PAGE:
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Community Stewardship Rises From Ash Island

By Maine Island Trail Association (MITA) Staff

Like many of us, Krista Tripp believes it’s a blessing to live and work on the coast of Maine. Having grown up in Spruce Head, lobstering with her father from a young age, Krista understands how unique and special Maine is. As a fulltime lobsterwoman and oyster farmer, she is deeply committed to doing what she can to help keep it that way. “We need to take care of it so we can pass it down to future generations to enjoy,” she explains.

In that spirit, on a recent Sunday, Krista organized an island cleanup and invited local fishing families and community members to join the effort. She saw it as a way to bring people together to have a positive impact in the community. She was particularly eager to engage kids. “I love getting the kids involved!” she says. “It was really great seeing them get excited about doing their part to restore a healthy, clean environment.”

Krista (left) w/ her sternwoman Tiffany & volunteers

Krista began by connecting with the Maine Island Trail Association (MITA) to see about partnering on the cleanup. MITA coordinates several dozen island cleanups each year along the coast, and Krista knew that the group was eager to work with the fishing community. “I was thrilled when Krista reached out,” says MITA Stewardship Manager Maria Jenness. “Collaborative efforts like this are so important for community building and the long term care of the coast. It’s exactly the sort of thing we’re looking to do more of in the future.”

Maria contacted Amanda Devine, a Regional Steward for Maine Coast Heritage Trust (MCHT) which owns and manages Ash Island - a publicly accessible island just a short boat ride from Spruce Head. Amanda confirmed that Ash needed a shoreline cleanup, and she offered to join the group on cleanup day.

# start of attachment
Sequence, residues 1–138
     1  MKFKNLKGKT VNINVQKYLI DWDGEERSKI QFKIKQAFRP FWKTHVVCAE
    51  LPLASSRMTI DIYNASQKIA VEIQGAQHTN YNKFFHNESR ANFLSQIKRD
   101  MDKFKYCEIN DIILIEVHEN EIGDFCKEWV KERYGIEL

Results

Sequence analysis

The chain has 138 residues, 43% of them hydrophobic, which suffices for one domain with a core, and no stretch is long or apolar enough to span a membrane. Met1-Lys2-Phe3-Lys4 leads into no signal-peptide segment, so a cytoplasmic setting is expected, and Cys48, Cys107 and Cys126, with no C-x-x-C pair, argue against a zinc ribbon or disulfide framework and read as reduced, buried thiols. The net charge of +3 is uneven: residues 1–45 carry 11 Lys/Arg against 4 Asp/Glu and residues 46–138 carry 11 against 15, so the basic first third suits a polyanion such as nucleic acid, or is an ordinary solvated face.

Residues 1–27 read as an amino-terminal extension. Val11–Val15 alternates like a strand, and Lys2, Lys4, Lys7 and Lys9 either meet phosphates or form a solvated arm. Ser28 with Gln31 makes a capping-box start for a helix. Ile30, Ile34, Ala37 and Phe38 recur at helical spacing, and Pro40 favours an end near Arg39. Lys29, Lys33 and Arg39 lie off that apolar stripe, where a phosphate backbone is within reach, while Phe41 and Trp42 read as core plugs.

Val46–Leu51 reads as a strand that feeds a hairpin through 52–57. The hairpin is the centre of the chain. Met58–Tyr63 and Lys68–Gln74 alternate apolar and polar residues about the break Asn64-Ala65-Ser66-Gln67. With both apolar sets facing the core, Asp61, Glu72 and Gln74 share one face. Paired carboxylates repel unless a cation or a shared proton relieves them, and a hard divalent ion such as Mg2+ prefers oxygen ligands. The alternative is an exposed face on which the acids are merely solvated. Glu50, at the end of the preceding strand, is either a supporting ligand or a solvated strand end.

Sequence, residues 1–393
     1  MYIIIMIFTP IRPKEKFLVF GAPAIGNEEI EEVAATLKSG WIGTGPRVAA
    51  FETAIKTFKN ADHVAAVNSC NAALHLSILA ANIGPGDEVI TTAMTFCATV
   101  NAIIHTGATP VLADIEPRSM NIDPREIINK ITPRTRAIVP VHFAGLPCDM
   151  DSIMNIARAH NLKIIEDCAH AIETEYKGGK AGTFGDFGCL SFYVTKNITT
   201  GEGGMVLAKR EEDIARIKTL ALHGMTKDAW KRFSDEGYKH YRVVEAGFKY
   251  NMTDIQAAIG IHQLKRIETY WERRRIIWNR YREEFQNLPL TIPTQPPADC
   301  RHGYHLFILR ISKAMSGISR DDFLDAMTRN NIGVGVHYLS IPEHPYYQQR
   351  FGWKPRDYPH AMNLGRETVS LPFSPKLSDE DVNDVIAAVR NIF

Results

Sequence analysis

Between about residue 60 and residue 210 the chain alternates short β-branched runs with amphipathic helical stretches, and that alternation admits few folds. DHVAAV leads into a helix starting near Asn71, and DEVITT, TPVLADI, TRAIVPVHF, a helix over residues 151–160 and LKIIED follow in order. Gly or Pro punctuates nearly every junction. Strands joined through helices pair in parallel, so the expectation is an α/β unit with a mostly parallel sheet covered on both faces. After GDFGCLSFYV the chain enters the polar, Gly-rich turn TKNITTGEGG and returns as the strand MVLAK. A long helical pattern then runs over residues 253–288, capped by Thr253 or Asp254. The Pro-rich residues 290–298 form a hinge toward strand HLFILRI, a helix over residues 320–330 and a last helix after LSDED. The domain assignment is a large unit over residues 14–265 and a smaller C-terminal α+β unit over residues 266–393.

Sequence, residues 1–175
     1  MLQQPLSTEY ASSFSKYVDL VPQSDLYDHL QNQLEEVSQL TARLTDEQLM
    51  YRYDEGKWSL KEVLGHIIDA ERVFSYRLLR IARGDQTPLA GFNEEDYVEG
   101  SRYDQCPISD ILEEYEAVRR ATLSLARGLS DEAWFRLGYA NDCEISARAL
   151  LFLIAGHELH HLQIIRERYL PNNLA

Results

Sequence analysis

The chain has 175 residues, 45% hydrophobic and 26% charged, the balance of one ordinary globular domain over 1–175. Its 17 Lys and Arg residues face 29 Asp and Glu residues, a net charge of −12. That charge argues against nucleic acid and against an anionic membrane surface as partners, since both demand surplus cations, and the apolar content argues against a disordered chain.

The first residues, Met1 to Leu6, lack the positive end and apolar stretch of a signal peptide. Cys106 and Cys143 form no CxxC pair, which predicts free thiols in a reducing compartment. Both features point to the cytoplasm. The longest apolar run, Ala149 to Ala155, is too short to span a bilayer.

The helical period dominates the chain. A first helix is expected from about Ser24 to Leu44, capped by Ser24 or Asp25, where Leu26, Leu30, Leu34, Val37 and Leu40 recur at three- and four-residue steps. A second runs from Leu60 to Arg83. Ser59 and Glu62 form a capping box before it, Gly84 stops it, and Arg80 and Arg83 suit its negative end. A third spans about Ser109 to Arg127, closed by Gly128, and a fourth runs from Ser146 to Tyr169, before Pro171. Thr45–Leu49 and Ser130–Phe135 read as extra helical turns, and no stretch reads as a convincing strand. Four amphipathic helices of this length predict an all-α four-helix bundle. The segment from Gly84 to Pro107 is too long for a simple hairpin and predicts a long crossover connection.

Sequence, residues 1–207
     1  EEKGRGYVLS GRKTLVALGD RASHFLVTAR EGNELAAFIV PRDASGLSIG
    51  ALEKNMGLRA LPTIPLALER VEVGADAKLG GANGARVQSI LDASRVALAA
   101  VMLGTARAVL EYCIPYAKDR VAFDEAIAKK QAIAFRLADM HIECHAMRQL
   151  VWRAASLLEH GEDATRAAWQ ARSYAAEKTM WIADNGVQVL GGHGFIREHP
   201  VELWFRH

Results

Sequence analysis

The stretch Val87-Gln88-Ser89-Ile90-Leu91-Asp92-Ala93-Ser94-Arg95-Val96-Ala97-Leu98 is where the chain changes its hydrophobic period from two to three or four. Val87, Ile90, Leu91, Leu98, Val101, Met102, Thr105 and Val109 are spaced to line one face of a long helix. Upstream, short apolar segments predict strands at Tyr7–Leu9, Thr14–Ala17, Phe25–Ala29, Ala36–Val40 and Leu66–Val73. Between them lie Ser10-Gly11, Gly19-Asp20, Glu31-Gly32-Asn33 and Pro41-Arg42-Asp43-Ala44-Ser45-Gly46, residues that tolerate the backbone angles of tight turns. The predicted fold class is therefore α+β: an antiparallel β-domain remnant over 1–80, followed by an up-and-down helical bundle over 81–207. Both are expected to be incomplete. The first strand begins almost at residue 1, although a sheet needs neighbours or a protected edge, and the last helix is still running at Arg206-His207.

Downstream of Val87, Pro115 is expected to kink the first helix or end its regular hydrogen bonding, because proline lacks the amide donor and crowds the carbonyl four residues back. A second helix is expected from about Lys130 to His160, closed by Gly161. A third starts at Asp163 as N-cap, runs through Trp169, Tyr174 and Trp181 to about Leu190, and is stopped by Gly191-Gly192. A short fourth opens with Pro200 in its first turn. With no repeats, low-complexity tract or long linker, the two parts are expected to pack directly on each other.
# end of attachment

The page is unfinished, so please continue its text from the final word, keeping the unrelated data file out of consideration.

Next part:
Loading trash into the boat

The goal for the day was simple: remove as much washed up trash as possible in the time available. The group bagged the small stuff - a colorful assortment of plastic bottles, broken buoy shards, bait bags, pieces of rope, rubber gloves and other common marine debris items - and piled the bags alongside mangled traps and other pieces of large debris to be loaded into the boat and shuttled back to shore for disposal.

Cleaning up trash probably doesn’t rank high on most kids’ weekend wishlist, but the youngsters on Ash Island really go into it. William, the 13-year old son of Krista’s sternwoman Tiffany, was initially dismayed by all the trash on shore, but by the end of the day he felt very accomplished for having made a difference. According to Jenness, “these kids were hard workers, and they really knew their way around boats.”

Following the cleanup, the volunteers were treated to lobster dinners at McLoons Lobstah Shack. Since the owners couldn’t participate in the cleanup, feeding the volunteers was their way of contributing to this community effort. (It was well received - William’s top highlights for the day were feeling like he made a difference, and eating at McLoons.)

Cleanup volunteers at McLoons Lobstah Shack

This cleanup was a great example of the power of connection, collaboration and community. Fishing families, nonprofits, local businesses and community members joined forces to work together toward a common goal - taking care of the place we all call home.

Through her initiative and ethic, Krista is providing a great roadmap for keeping Maine special. Let’s hope many more follow her lead.



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